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What was sea level over the last five hundred thousand years? To answer this question, Youri Hamon, an IFPEN geologist, is heading for Hawaii with other scientists as part of the oceanographic Expedition of the International Ocean Discovery Program (IODP). To what end? To understand the past evolution of ocean levels and associated climate changes, in order to better inform the future.
A mission at the heart of oceanography: to better understand the history of the Earth
As part of the International Ocean Discovery Program (IODP), launched in 2013 and operated by the ECORD Science Operator (for European Consortium for Ocean Research Drilling), the ship of oceanographic Expedition 389, dedicated to the themes of climate and environmental variations, is setting sail.
This scientific ocean drilling program represents a new stage in an adventure whose origins date back to the 1950s (Mohole Project) and the 1960s (Deep Sea Drilling Project), and which brings together 21nations in the field of marine science.
IODP explores the history and structure of the Earth recorded in seabed sediments and rocks. To this end, the expedition's scientific team is starting a coring campaign in Hawaii's fossil coral reefs, at 11 sites approved by an IODP Environmental Protection and Safety Panel, and to a maximum depth of approximately 110 meters below the seafloor.
Hawaiian corals, witnesses to past climate change
Why Hawaii's coral reefs? Highly sensitive to sea level and global climate change, corals preserve a reliable record of past sea level and climate conditions. The island's volcanic characteristics, which mean that coral reefs grow and sink at a rapid and almost constant rate, make it a privileged area of study.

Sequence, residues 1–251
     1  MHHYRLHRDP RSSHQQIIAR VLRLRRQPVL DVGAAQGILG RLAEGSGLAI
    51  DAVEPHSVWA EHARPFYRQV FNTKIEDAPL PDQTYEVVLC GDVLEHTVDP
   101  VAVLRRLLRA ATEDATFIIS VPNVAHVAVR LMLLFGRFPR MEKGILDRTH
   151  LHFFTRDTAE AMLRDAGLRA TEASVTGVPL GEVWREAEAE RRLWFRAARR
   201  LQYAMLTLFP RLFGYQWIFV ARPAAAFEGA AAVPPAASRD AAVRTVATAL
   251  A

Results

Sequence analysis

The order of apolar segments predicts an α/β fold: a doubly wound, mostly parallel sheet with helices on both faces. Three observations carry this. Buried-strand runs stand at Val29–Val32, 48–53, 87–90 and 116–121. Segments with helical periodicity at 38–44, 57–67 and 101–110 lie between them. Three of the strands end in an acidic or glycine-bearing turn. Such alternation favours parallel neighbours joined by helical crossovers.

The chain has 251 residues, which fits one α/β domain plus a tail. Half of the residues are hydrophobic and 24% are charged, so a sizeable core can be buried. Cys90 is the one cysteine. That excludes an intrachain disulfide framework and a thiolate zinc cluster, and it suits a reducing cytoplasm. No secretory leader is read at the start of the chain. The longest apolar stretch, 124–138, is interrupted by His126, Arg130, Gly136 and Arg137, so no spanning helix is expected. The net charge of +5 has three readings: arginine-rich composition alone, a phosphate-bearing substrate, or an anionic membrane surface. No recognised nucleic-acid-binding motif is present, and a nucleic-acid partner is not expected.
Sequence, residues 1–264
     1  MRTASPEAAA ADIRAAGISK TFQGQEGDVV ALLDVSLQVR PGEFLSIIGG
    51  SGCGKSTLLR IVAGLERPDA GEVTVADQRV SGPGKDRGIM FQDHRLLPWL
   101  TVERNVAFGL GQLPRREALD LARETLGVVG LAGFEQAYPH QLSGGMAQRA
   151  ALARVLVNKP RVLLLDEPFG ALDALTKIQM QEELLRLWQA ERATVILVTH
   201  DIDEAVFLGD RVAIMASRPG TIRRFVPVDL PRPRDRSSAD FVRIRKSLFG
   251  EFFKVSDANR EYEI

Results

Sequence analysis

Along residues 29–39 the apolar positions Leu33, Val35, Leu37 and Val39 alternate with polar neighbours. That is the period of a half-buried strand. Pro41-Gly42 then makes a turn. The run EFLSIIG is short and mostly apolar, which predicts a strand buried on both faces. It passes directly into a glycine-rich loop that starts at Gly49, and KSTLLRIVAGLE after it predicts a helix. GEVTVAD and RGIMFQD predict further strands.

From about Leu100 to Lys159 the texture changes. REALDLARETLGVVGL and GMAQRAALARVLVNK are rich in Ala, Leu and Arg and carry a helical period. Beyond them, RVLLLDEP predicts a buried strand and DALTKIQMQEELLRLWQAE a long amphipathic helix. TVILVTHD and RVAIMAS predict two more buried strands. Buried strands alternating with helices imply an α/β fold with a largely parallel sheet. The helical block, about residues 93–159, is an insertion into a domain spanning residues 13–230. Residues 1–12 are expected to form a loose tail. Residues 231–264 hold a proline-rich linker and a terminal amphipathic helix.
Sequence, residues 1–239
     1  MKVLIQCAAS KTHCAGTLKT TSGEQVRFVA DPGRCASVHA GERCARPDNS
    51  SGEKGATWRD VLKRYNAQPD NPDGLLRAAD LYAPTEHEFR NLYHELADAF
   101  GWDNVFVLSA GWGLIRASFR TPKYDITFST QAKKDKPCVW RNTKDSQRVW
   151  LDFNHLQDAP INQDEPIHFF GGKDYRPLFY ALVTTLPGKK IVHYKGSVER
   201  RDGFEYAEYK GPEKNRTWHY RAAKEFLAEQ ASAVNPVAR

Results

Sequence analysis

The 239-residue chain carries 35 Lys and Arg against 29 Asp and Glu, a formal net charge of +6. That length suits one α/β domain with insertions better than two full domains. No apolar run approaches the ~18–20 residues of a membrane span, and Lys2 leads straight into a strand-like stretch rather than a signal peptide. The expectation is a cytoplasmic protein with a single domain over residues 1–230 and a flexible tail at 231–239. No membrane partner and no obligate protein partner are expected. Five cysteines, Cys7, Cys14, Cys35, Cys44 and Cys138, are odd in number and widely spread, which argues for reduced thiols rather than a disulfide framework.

Scientific coring of these fossil reefs will thus provide a new, continuous record of sea-level variations associated with past climate change, including for several key yet little-known periods beyond 500,000 years, linked to the dynamics of the polar ice caps. This knowledge is crucial for better understanding future ocean dynamics and refining predictive models.
The expedition also aims to establish relationships between multi-scale variations in climate, from the broadest (10,000 to 100,000 years) to the finest (100 to 1,000 years), as well as between inter-annual seasonal variations, and will help identify one-off events such as tropical storms, their frequency, intensity and repercussions in terms of geohazards.
Finally, the campaign aims to characterize the response of coral systems to these fluctuations, and the associated coastal geomorphological modifications.
Would you like to follow the discoveries made during the 60 days of Expedition 389? Visit the blog